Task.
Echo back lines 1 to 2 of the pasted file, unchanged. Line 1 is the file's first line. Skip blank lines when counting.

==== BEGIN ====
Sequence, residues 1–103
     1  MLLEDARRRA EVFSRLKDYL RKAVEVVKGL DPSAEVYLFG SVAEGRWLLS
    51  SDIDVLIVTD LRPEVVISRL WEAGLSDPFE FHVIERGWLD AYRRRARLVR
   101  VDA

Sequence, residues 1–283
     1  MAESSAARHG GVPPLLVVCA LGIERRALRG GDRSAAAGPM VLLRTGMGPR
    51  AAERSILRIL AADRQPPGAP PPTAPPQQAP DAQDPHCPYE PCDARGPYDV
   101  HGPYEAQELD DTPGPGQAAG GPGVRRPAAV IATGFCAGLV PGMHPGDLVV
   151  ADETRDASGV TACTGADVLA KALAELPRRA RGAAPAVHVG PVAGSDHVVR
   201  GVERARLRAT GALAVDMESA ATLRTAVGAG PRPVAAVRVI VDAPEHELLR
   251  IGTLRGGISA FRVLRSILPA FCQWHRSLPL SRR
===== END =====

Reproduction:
Sequence, residues 1–103
     1  MLLEDARRRA EVFSRLKDYL RKAVEVVKGL DPSAEVYLFG SVAEGRWLLS